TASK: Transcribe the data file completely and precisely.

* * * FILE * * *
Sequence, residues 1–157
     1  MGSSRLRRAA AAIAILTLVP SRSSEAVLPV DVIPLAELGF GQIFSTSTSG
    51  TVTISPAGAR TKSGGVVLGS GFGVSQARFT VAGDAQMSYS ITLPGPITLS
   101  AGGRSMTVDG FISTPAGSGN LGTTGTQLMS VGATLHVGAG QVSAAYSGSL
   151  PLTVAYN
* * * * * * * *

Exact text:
Sequence, residues 1–157
     1  MGSSRLRRAA AAIAILTLVP SRSSEAVLPV DVIPLAELGF GQIFSTSTSG
    51  TVTISPAGAR TKSGGVVLGS GFGVSQARFT VAGDAQMSYS ITLPGPITLS
   101  AGGRSMTVDG FISTPAGSGN LGTTGTQLMS VGATLHVGAG QVSAAYSGSL
   151  PLTVAYN